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No tedious research allowed (for companies to appear in this project)
Many thousands of companies have had connections to railroading. They might have been utilities, parts manufacturers, suppliers, or just about any kind of company in any kind of industry. Finding and proving thin connections to railroading is very time-consuming. My experience suggests that the harder it is to discover a company's relationship to railroading, the more remote that company is from the core of the industry.
I do not catalog companies far-removed from railroading. Those kinds of companies stretch the definition of railroading far beyond the intent of my original goal. Railroad specialists have proven they have limited interest in certificates from off-topic companies.
I know this explanation sounds arbitrary, but stick with me a couple minutes. Here is an analogy that illustrates how the definition of railroading affects my project.
Imagine a cloud of millions of dust particles. Every particle represents a company that incorporated somewhere in North America and the Caribbean islands after the mid-1820s. Within that cloud are various areas – some large, some small – representing different industries. One part of the great cloud is an area called "railroading."
Now imagine "railroading" as a roughly spherical collection of companies surrounded by hundreds of thousands of other companies and industry areas. At the center of the railroading sphere are companies everyone agrees are true mainline railroad companies. Those are companies such as the New York Central, the Union Pacific, and the Baltimore and Ohio.
Some distance from the center are closely related companies such as street railways, interurbans, connecting railways, and belt railways. They were not massive, mainline freight haulers, but they intended to haul freight and passengers over rails. Most collectors agree those kinds of companies are railroads.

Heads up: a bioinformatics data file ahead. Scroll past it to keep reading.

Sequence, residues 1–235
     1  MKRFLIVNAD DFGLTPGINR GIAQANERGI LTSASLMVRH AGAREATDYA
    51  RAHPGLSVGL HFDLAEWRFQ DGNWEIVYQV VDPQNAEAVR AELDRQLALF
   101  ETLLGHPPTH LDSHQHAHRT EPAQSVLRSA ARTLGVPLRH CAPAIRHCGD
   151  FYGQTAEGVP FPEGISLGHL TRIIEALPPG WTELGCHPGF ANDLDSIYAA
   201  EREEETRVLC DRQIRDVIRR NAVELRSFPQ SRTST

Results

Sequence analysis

Still further from the center, are particles representing equipment manufacturers, car builders, railroad service companies and holding companies. This is a region of greater disagreement. Most people say these kinds of companies are not railroads per se, but they are close enough to railroading to be included.
At some indistinct point, the railroading sphere ends and other industry areas begin. At that point, the generally agreed-upon definition of railroading stops. As fuzzy as the edge of the railroading sphere might be, the distance from the center to its outside edge represents the agreed-upon definition of "railroads."
Near, but slightly beyond the railroading sphere are companies with peripheral rail involvement. Some people choose to group them with railroading, but the majority think they would fit better in other industries. Because their relationships to railroading are tenuous and subjective, companies far from the center of the railroading sphere require an odious amount of time, energy and research to prove connections.
Our current definition of railroading includes 23,500 companies from within the cloud of millions. If we allow our definition of railroading to expand by only 5%, our theoretical collection of companies would increase by over 3,700 companies. In other words, a very small change in definition greatly magnifies the number of companies we would need to catalog and deal with.
But here's the rub. What would we gain if we expanded our definition of railroading?
Obviously, we would significantly increase the numbers of companies and certificates that need tracking. However, with few exceptions, railroad certificate specialists do NOT concentrate on the edge of railroading; they concentrate on the center. Primary railroad specialists would gain essentially nothing of interest by adding companies at the edges.
This is not conjecture. I previously included over 2,300 logging, lumber and timber companies in the railroad database. I originally cataloged those companies because they operated thousands of locomotives and tens of thousands of miles of track. I reasoned logging and timber companies were very close to railroading. I genuinely thought railroad specialists would be interested in collecting such certificates.
It turned out that railroad specialists were thoroughly uninterested in logging company certificates. No one, not a single collector, ever corresponded with me on the subject. If railroad specialists – the people I catalog for – are uninterested in logging and timber companies, why would they be interested in companies greatly more remote from the core definition of railroading?
I must therefore conclude that any expansion in the definition of railroading is nonsensical. Wasting time trying to prove obscure companies are related to railroading does not help collectors. It certainly does not help me.
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